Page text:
This article was originally published by Radio Free Europe/Radio Liberty and is reprinted with permission.
The UN’s nuclear watchdog says it has gained access to a second site in Iran where nuclear activities are suspected to have taken place in the past, as agreed with Tehran last month.
“As part of an agreement with Iran to resolve safeguards implementation issues specified by the IAEA, the agency this week conducted a complementary access at the second location in the country and took environmental samples,” the International Atomic Energy Agency (IAEA) said in a statement on September 30.
In late August, Iran announced it would allow the IAEA access to two sites following a visit to Tehran by IAEA Director-General Rafael Grossi, ending a standoff between Tehran and the Vienna-based global watchdog.
After the first site was visited by inspectors in early September, Grossi said that analyzing samples collected there would take “no less than a couple of months, two or three months maybe.”
The IAEA has criticized Iranian officials for denying it access to the two locations, and for not answering its questions about possible undeclared nuclear material and nuclear-related activities there during the early 2000s.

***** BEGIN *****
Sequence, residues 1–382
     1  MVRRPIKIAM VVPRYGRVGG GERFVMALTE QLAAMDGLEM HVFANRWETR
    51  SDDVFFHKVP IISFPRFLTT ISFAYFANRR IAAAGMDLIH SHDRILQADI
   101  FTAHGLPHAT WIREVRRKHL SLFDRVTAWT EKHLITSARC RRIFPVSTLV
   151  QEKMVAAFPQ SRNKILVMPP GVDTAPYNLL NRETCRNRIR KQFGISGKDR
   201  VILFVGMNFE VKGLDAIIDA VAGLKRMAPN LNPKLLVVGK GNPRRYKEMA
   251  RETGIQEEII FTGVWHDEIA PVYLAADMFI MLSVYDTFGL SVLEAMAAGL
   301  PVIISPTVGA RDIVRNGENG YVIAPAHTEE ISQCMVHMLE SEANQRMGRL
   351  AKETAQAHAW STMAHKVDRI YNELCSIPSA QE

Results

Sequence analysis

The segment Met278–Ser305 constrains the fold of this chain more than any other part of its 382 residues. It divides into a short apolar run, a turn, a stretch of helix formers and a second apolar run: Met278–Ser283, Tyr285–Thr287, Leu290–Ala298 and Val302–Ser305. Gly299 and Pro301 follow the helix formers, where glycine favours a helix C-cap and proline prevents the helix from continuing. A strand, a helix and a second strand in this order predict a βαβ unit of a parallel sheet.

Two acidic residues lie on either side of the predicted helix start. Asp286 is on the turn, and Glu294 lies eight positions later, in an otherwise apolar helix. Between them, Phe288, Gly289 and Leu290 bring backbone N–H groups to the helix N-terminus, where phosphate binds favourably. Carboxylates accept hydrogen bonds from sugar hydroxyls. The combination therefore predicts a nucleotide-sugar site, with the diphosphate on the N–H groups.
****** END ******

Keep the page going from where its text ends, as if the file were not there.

In June, the IAEA’s board of governors passed a rare resolution demanding that Iran “fully cooperate” and “satisfy the agency’s requests without any further delay,” including by providing “prompt” access to the sites in question.
Iran argued the UN agency had no legal basis to inspect the sites.
The row had threatened to put yet more strain on a landmark 2015 nuclear deal between Iran and world powers, after the United States withdrew from the agreement in 2018 and reimposed sanctions on Iran.
Under the deal, Iran pledged to curb its nuclear ambitions in exchange for sanctions relief.